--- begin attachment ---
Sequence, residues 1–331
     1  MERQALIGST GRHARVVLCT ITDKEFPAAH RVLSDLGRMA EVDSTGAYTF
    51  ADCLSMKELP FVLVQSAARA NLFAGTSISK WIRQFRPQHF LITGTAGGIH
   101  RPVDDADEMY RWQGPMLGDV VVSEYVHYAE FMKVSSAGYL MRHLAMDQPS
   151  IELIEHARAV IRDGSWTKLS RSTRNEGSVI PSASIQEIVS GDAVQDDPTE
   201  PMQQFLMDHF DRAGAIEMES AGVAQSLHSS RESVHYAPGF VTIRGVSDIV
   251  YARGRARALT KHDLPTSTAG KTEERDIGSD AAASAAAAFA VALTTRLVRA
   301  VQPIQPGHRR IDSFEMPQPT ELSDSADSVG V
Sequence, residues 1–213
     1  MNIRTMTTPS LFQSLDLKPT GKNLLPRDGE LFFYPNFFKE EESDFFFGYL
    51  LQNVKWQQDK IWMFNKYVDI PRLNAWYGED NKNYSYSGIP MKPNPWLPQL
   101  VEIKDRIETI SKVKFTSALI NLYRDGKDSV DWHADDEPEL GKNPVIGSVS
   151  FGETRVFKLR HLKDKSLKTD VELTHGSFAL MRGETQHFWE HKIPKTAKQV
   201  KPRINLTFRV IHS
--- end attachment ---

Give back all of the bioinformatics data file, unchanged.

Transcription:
Sequence, residues 1–331
     1  MERQALIGST GRHARVVLCT ITDKEFPAAH RVLSDLGRMA EVDSTGAYTF
    51  ADCLSMKELP FVLVQSAARA NLFAGTSISK WIRQFRPQHF LITGTAGGIH
   101  RPVDDADEMY RWQGPMLGDV VVSEYVHYAE FMKVSSAGYL MRHLAMDQPS
   151  IELIEHARAV IRDGSWTKLS RSTRNEGSVI PSASIQEIVS GDAVQDDPTE
   201  PMQQFLMDHF DRAGAIEMES AGVAQSLHSS RESVHYAPGF VTIRGVSDIV
   251  YARGRARALT KHDLPTSTAG KTEERDIGSD AAASAAAAFA VALTTRLVRA
   301  VQPIQPGHRR IDSFEMPQPT ELSDSADSVG V
Sequence, residues 1–213
     1  MNIRTMTTPS LFQSLDLKPT GKNLLPRDGE LFFYPNFFKE EESDFFFGYL
    51  LQNVKWQQDK IWMFNKYVDI PRLNAWYGED NKNYSYSGIP MKPNPWLPQL
   101  VEIKDRIETI SKVKFTSALI NLYRDGKDSV DWHADDEPEL GKNPVIGSVS
   151  FGETRVFKLR HLKDKSLKTD VELTHGSFAL MRGETQHFWE HKIPKTAKQV
   201  KPRINLTFRV IHS